Another thing that you can do to help prolong the life of your shocks is to drive carefully. When going over bumps and through ruts it is much easier on your shocks when you do it through them at slow speeds. Zooming through trails at high speeds is super tough on your shocks and puts a lot more stress on them. This is part of the reason the off-road racing trucks have to replace their shocks every 1,000 to 5,000 miles. Moving slowly through uneven terrain is safer and easier on your shocks.
How To Tell If Your Offroad Shocks Are Bad
There are some definite signs to look for when your shocks go bad. For one, riding in your vehicle is going to be much less smooth. If you are noticing that your vehicle is bumpy or is leaning excessively to one side then this could be a good indicator that your shocks are going bad. When accelerating or braking you are going to also notice a difference. With bad shocks, braking is going to cause the front end of the car to dip forward more than usual. When accelerating the rear is going to dip down more than usual.
Another telltale sign of bad shocks is fluid leaking from the shocks. This is an imperative thing to check for when you inspect your suspension after you off-road. Your shocks are going to stop working like they should if they don’t have the right amount of fluid in the shocks. The fluid inside the shocks is what absorbs the impacts, so once you lose it your shocks are going to be useless. If you find a leak you are going to want to replace your shocks as soon as possible.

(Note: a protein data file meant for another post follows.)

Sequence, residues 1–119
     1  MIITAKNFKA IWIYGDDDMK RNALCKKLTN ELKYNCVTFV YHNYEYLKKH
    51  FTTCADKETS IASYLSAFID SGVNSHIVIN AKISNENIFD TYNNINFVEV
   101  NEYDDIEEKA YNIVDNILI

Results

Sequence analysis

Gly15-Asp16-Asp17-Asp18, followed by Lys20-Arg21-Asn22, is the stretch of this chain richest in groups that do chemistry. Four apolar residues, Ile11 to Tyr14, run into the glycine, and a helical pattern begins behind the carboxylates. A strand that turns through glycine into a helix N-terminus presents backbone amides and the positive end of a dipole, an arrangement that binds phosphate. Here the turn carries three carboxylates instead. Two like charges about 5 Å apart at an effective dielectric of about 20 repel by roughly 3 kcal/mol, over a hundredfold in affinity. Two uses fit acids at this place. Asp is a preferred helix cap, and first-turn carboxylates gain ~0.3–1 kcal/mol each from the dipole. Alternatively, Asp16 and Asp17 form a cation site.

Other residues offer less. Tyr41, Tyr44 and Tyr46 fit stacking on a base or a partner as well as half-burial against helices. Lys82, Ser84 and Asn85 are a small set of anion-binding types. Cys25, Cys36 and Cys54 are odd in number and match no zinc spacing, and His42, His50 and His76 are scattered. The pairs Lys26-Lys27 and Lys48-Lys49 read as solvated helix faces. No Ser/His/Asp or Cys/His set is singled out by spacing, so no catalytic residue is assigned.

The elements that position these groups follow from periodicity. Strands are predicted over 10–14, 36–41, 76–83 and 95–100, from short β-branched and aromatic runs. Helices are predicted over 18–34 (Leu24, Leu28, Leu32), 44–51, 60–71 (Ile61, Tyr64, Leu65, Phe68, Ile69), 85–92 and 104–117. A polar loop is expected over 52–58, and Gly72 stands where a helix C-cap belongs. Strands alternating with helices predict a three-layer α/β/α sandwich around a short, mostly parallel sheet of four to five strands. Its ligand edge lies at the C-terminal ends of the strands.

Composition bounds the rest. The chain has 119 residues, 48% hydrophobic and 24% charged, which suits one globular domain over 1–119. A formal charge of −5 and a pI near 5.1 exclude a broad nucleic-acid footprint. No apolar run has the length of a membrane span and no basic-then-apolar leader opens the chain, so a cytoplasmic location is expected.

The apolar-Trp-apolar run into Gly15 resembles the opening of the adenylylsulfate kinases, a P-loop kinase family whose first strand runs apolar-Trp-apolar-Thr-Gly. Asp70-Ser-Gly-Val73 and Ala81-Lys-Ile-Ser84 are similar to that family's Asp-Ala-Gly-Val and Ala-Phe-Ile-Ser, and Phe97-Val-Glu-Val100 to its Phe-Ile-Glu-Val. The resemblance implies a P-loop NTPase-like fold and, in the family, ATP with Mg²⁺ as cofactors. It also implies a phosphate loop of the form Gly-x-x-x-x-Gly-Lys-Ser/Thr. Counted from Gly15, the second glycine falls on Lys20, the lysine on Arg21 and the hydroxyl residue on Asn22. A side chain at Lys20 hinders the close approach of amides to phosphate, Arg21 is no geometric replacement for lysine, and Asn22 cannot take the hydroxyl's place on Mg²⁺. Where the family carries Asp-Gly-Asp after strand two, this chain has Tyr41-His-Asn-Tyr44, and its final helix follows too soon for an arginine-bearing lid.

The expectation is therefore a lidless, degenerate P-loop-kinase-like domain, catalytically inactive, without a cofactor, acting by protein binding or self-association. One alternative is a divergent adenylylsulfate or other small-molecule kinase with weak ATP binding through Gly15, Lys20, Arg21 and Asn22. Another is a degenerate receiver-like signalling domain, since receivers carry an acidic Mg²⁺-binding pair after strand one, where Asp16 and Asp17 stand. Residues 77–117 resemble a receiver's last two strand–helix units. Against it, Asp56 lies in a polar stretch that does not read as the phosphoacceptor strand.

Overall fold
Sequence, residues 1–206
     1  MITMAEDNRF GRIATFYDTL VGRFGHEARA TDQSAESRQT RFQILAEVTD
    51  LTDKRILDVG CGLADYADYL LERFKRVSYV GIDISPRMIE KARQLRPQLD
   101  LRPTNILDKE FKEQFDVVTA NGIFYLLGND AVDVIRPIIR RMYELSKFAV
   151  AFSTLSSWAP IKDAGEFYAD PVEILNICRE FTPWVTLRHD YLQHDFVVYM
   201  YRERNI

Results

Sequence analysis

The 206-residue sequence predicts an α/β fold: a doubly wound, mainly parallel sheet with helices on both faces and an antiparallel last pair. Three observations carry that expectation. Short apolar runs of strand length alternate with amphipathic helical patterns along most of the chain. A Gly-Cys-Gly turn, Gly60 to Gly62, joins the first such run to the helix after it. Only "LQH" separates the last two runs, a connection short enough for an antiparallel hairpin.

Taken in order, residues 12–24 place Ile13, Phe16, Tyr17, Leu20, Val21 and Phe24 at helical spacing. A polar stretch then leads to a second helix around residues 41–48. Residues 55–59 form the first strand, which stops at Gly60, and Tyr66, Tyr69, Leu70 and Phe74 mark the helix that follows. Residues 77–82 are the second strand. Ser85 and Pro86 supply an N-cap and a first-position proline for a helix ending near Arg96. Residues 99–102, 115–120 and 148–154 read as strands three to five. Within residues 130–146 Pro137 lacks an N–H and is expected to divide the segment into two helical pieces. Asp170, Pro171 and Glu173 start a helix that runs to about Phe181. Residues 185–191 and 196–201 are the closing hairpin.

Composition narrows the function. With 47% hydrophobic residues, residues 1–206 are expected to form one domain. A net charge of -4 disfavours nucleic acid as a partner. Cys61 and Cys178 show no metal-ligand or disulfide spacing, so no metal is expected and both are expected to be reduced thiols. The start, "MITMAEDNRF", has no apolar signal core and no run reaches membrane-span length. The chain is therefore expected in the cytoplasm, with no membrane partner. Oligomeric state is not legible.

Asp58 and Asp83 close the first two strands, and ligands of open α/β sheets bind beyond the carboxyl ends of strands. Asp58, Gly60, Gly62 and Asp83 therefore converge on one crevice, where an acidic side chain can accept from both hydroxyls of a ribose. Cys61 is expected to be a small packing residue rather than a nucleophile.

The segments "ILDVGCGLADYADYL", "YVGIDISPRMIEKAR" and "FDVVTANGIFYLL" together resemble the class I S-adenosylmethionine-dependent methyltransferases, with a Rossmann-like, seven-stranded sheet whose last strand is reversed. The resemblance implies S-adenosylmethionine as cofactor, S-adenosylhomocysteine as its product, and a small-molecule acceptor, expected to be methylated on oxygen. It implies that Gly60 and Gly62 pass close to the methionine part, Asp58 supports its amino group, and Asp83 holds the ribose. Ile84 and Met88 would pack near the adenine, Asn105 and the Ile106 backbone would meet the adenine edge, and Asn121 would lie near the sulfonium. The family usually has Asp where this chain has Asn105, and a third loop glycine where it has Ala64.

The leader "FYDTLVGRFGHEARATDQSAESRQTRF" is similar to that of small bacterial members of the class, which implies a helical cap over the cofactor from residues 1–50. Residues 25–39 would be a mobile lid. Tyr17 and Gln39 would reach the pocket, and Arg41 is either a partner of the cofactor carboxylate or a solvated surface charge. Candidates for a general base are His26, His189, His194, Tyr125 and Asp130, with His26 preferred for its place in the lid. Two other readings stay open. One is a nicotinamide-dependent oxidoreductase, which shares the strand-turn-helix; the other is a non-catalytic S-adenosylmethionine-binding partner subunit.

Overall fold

Tires can also be an indicator of the state of a suspension system. When a suspension system is worn out, the tires are going to try to compensate and usually take more of a beating. Tires will begin to show unusual wear because the suspension system is going to be putting uneven weight and pressure on certain tires. This can be a good reason to replace shocks quickly. Why pay for tires and shocks when you could have just replaced the shocks earlier?
Can I Wait Until My Shocks Are Bad To Change Them Or Should I Routinely Change Them?